They are television’s latest “Odd Couple,” a teenage version of Oscar and Felix thrown together not by divorce, but by the marriage of their TV parents.
But the oddest thing, say the stars of Nickelodeon’s new hit series “Drake & Josh,” is that what you see on TV isn’t that much different from real life.
Josh Peck and Drake Bell, who play reluctant stepbrothers thrown together in a blended suburban family, don’t share a room in real life. But they do live just five minutes apart in the suburbs of Southern California.
And like their TV alter-egos, who are also named Drake and Josh, they didn’t exactly hit it off when they met four years ago on the set of a Nickelodeon game show called “Double Dare.”
“Our original meeting was a fiasco,” Josh says by phone from the show’s set, as Drake can be heard snickering in the background. “It wasn’t exactly love at first sight.”
He chalks it up now to both of them being too much like their “Drake & Josh” characters. (The show airs on Nick at 7 p.m. Saturdays and 7:30 p.m. Sundays.)
Josh, the bookish one, whose physique and rubbery face have inspired comparisons to John Candy and even Jackie Gleason, insists that just like his TV character he really is uptight and uncool. He says Drake, whose good looks have “teen idol” written all over them, is “the very cool Orange County kind of surfer-skateboarder dude. Good with the ladies.”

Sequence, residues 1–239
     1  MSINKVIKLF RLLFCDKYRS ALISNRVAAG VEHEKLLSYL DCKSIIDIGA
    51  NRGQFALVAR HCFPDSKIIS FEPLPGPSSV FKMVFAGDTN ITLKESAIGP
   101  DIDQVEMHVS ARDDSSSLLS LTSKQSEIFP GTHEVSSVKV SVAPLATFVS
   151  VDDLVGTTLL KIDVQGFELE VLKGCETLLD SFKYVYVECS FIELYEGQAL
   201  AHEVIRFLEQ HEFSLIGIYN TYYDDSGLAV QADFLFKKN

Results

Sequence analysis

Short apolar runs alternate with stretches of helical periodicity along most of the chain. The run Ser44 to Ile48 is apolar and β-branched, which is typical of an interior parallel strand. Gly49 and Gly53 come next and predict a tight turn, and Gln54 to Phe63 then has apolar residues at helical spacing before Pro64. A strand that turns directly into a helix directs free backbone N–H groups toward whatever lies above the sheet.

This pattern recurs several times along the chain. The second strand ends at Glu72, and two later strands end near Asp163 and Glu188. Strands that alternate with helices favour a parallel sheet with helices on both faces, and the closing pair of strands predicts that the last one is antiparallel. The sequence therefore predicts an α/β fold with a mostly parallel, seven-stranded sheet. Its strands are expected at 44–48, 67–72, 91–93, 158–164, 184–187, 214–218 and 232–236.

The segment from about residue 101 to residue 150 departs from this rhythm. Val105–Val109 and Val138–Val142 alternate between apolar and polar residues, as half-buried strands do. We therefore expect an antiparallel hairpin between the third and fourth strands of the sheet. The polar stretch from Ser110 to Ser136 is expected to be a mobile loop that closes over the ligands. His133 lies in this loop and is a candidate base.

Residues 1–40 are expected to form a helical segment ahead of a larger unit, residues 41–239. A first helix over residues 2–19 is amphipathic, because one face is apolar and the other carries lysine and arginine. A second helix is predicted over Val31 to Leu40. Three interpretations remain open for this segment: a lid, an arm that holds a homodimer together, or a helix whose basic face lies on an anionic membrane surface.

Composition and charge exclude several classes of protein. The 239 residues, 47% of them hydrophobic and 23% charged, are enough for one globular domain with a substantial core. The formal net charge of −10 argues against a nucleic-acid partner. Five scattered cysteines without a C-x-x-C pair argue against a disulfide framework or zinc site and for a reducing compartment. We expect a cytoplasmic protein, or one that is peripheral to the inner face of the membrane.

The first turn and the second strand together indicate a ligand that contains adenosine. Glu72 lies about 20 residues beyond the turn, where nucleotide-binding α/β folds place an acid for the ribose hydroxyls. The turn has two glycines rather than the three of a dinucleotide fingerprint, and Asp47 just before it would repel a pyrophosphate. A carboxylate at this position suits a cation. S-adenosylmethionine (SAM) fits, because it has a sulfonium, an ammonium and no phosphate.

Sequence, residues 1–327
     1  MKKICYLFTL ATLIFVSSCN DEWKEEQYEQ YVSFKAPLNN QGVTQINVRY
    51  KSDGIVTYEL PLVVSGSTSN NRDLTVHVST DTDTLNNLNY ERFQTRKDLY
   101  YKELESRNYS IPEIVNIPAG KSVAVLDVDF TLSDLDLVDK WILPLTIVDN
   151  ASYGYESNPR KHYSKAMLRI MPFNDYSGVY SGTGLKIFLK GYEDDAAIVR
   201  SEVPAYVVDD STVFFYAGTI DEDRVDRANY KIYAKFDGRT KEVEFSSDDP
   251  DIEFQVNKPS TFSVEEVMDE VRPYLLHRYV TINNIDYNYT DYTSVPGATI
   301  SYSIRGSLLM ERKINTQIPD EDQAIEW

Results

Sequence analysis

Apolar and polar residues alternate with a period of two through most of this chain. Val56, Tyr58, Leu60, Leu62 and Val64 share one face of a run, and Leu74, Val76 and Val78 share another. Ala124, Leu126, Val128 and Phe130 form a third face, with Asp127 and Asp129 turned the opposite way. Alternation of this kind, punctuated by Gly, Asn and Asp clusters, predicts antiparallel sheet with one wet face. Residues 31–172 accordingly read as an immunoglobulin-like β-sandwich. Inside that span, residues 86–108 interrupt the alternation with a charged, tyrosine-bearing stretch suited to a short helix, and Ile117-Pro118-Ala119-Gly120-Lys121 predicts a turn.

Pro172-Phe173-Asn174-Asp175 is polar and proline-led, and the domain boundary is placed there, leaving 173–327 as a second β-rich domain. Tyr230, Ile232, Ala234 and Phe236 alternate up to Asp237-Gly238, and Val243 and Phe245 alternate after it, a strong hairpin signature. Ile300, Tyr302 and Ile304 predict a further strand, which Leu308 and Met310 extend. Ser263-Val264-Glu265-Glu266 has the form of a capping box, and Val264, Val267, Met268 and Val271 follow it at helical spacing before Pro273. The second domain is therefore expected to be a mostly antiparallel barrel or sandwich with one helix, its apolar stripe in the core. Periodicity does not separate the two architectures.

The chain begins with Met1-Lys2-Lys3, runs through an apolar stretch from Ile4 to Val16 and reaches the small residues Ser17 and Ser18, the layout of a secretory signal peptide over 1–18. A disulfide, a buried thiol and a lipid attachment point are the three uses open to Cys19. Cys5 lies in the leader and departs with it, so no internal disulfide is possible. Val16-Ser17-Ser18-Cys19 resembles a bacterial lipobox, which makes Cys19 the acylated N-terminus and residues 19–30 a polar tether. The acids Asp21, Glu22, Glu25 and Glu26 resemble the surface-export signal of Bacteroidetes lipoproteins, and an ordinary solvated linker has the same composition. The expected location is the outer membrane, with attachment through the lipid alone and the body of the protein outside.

That isn’t such a bad combination for a friendship, on TV or in real life. “We’re kind of like the yin and yang. We’re totally different. But it works,” says Drake.
It was their ability to riff off one another that “Drake & Josh” producer Dan Schneider said inspired him to create a show for the two 17-year-olds.
He’d originally cast them as supporting players in “The Amanda Show,” the hit Nickelodeon vehicle for teen star Amanda Bynes. It was there that he noticed the talent they had for creating comic conflict, either in front of the camera or while cutting up by themselves.
“Josh reminds me of myself when I was a kid. He’s a funny kid who is sometimes a little awkward,” says Schneider, himself a former teen star on the 1980s ABC sitcom “Head of the Class.”
“Drake on the other hand ... he’s the kid every young kid wants to be,” says Schneider. “He’s really good looking, he plays guitar, he’s funny, he sings, he can act. He just has it all.”
On the show, his character takes advantage of his glibness and good looks to try to shortcut his way out of any troublesome situation, while Josh’s more cerebral character recognizes that attitude as a blueprint for disaster. Unfortunately, though, he’s never able to avoid being sucked into those disasters, whether they involve enraged boyfriends, bungled baby-sitting assignments or wrecked vehicles.